Diets Are Just Diets, Don’t Be Fooled

Dieting is not what Noom is about. Despite its name, the app isn’t your average weight-loss app: it was “designed by psychologists to produce real, sustainable results,” according to its marketing copy. According to the ads, Noom is for those who are tired of dieting. Saeju Jeong and Artem Petakov founded a personalized health-coaching firm in 2008, and it took off in 2016 when they released their app. A customized program is designed to teach sustainable health habits and mindful eating, as well as improve your relationship with food and your body. Weight loss is a common goal for most users.

People are clearly responding to the message. It was launched five years ago, and since then, Noom has been downloaded 50 million times. According to TechCrunch, the company raised $540 million in Series F funding in May 2021. (As a comparison, Peloton raised $550 million in the same amount of funding in 2018.) Noom is huge, and it will grow even more in the future.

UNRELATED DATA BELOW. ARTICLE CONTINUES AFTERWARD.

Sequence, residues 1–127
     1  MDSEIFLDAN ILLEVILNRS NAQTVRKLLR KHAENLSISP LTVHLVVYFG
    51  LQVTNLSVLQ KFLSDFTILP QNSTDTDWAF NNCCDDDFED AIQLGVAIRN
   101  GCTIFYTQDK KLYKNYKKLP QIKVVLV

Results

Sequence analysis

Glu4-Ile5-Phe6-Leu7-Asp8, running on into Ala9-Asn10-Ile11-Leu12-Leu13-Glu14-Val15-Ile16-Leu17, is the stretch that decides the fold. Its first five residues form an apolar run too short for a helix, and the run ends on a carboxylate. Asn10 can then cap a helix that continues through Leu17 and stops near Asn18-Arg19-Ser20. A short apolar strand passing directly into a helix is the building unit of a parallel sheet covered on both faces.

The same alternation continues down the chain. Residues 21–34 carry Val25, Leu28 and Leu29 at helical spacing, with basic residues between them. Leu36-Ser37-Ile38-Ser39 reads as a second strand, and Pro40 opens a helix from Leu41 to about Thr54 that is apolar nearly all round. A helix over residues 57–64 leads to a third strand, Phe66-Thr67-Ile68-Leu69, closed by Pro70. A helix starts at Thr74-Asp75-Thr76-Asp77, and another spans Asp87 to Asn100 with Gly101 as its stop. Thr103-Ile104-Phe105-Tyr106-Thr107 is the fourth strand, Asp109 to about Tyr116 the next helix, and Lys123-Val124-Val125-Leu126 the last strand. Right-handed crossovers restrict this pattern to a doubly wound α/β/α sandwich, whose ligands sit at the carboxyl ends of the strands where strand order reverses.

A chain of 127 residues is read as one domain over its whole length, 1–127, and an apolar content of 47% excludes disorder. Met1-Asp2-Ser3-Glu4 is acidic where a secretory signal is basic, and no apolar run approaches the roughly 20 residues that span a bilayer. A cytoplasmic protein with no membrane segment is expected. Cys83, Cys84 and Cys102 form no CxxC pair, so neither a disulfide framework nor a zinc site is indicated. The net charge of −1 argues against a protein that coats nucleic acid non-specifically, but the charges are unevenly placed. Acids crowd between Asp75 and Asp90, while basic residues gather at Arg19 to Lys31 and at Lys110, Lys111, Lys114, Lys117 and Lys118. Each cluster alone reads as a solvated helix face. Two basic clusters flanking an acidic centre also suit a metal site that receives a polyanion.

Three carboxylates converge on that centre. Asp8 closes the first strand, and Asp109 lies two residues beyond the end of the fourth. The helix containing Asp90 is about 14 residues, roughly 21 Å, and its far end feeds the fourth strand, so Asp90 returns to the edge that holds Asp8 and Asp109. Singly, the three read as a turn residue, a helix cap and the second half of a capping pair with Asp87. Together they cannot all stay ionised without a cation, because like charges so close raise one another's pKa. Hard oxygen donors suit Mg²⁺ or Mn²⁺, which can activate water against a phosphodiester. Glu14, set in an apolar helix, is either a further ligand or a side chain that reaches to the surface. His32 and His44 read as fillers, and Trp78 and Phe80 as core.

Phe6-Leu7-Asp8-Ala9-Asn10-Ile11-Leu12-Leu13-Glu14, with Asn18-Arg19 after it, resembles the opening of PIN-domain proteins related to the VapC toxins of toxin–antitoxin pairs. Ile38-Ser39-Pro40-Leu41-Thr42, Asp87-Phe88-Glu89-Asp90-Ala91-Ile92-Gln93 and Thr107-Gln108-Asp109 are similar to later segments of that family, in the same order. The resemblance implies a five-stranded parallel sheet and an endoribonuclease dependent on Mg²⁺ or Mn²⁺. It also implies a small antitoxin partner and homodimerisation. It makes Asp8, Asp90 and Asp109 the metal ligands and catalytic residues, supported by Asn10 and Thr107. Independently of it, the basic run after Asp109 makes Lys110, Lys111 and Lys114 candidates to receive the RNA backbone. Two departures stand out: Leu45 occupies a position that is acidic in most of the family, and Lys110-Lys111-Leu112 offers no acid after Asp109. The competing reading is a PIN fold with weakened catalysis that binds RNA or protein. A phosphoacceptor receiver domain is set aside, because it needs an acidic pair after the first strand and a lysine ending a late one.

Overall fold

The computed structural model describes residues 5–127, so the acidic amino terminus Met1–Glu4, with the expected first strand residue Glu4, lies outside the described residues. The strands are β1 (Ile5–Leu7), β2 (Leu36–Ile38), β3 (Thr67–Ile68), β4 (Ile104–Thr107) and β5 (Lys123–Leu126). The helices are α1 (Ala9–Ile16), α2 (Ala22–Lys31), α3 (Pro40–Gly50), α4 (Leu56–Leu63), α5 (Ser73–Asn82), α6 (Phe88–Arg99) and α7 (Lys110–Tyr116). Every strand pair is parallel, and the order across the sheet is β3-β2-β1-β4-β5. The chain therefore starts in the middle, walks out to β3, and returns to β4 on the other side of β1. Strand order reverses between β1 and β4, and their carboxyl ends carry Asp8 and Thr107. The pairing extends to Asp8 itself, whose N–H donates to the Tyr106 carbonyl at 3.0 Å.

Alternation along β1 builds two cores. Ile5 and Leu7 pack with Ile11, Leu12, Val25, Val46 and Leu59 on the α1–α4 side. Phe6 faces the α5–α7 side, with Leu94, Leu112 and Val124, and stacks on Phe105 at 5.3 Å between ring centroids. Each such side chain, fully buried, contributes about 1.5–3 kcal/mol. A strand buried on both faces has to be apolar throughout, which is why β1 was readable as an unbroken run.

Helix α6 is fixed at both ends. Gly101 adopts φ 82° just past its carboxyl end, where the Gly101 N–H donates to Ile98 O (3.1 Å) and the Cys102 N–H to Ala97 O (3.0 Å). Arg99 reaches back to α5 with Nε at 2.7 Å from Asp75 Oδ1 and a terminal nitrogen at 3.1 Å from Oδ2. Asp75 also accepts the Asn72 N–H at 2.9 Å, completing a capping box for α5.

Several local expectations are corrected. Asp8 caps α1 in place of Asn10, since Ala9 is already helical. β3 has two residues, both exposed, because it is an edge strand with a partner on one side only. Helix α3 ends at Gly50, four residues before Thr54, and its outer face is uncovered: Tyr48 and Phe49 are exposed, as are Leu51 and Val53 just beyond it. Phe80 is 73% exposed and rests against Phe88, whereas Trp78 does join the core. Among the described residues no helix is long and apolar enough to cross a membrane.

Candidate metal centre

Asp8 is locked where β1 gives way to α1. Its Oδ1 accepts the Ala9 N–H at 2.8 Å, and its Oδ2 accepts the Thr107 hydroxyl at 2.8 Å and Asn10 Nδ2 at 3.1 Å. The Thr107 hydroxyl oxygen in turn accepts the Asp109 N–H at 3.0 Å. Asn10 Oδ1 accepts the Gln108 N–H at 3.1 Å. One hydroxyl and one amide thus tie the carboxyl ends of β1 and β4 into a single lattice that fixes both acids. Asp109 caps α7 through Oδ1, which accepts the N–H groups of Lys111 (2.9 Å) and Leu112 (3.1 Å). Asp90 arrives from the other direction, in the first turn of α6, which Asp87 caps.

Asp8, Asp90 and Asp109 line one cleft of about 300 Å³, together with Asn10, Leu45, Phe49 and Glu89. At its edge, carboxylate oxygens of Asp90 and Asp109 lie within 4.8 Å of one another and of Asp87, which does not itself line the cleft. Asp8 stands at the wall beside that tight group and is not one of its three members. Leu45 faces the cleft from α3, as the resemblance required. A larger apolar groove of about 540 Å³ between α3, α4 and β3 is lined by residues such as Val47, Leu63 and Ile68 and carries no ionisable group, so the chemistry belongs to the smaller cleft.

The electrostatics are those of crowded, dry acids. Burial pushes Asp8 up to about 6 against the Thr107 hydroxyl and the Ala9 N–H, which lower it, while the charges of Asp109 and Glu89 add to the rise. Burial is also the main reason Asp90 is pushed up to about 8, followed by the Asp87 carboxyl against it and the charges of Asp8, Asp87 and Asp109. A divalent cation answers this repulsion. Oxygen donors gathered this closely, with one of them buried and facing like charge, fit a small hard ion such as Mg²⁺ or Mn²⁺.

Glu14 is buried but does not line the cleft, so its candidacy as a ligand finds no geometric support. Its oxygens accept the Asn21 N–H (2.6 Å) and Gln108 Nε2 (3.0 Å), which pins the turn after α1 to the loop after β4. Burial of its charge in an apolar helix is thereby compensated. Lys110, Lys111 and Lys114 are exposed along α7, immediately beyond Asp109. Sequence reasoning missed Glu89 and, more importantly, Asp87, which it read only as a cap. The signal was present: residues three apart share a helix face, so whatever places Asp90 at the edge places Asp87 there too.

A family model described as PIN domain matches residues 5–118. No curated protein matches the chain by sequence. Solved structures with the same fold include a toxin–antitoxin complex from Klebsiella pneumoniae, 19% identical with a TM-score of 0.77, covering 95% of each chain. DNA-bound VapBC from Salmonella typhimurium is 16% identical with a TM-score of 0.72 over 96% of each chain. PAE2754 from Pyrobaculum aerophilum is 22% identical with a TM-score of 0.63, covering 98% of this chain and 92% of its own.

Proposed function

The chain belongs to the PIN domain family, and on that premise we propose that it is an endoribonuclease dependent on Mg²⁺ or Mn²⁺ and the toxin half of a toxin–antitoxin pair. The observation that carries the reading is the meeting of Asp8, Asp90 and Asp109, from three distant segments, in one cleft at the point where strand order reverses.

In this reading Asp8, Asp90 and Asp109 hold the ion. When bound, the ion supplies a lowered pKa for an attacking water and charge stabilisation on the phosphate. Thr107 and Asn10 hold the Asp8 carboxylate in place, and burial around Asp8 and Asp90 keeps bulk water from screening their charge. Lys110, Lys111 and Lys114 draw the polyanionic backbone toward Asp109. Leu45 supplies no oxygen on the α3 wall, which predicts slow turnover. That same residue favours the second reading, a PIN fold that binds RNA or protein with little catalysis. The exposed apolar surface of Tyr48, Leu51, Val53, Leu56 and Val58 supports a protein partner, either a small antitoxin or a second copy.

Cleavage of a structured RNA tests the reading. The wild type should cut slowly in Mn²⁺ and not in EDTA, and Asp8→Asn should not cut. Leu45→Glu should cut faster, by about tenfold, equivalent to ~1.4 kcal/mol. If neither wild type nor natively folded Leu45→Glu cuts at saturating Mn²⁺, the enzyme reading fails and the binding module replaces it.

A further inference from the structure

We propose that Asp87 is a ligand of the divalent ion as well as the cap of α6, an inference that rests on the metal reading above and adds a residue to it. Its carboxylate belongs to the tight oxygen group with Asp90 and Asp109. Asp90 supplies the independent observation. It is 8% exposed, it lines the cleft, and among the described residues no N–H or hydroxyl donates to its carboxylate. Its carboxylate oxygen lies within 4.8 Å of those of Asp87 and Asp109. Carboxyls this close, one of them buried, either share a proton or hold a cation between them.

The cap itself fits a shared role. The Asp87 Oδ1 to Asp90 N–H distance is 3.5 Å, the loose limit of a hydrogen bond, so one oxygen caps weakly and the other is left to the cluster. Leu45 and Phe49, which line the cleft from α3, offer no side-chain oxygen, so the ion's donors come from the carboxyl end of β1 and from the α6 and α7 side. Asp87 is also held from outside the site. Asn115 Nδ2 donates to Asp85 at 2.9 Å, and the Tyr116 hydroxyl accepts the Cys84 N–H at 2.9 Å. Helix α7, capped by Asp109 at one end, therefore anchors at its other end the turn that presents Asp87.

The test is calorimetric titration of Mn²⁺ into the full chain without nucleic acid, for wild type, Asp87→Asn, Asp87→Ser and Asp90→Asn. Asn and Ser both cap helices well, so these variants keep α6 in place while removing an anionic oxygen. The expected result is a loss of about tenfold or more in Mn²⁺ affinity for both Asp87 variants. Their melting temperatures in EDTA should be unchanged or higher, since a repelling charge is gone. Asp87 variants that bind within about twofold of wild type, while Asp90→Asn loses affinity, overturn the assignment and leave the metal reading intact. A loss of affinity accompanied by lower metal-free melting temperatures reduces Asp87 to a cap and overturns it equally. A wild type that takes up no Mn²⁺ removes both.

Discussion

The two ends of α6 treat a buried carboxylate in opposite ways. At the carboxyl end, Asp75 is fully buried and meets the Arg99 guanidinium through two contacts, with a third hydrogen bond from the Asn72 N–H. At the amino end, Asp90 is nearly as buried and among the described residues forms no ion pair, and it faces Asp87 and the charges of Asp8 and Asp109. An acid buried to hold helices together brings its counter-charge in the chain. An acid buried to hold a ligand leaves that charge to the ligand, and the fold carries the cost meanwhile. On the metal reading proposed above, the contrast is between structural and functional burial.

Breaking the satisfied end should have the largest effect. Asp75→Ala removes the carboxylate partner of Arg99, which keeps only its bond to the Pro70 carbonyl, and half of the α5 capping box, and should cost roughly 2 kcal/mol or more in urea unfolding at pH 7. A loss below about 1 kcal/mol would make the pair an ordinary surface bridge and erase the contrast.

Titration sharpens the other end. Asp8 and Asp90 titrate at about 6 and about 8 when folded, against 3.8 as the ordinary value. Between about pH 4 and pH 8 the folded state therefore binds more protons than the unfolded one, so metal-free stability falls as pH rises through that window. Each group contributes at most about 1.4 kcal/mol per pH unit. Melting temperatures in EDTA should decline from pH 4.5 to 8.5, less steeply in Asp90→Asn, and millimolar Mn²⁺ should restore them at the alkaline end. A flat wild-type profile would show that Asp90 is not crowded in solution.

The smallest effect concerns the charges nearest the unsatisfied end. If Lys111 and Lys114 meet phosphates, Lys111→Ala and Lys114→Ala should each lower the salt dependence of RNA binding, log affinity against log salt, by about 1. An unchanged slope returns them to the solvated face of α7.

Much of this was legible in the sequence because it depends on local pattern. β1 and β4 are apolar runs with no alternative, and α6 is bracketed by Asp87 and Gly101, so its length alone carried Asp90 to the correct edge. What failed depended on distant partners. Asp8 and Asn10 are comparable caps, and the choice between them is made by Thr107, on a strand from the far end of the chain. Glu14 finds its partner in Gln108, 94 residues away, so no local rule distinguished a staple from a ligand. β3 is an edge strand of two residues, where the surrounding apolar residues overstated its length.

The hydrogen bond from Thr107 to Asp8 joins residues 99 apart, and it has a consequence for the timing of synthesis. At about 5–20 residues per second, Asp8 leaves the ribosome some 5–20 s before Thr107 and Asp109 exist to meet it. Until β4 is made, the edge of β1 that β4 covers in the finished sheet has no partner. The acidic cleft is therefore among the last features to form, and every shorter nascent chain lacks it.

Noom’s popular marketing and “no dieting needed” promise make it sound quite appealing, but, in reality, it’s just another diet. Basically, it’s a calorie counter, with behavior-change lessons and a coach who messages you. There have been many warnings that Noom presents itself in a misleading way.

(Photo: Courtesy Noom)

My summer months ago, I signed up for Noom’s two-week free trial (which is then 60 cents per day or $199 per year). As soon as I downloaded the app, I completed an initial survey that asked for information about my gender, weight, lifestyle, goals, and food preferences. It suggested that I might realistically reach my 12-pound weight-loss goal in seven weeks after I entered a 12-pound loss goal. The Centers for Disease Control and Prevention (CDC) considers one to two pounds per week as healthy.

During my introduction to Noom, I swiped my way through several multiple-choice questions, among them one that asked, “How can I achieve my weight loss goals with Noom?”.The right answer was simply believe. I was also assigned a coach through Noom, a woman named Laura, who told me that she was there to answer any questions and provide support. Afterward, Noom’s approach was swiped through, which is flexible, intuitive, and motivating.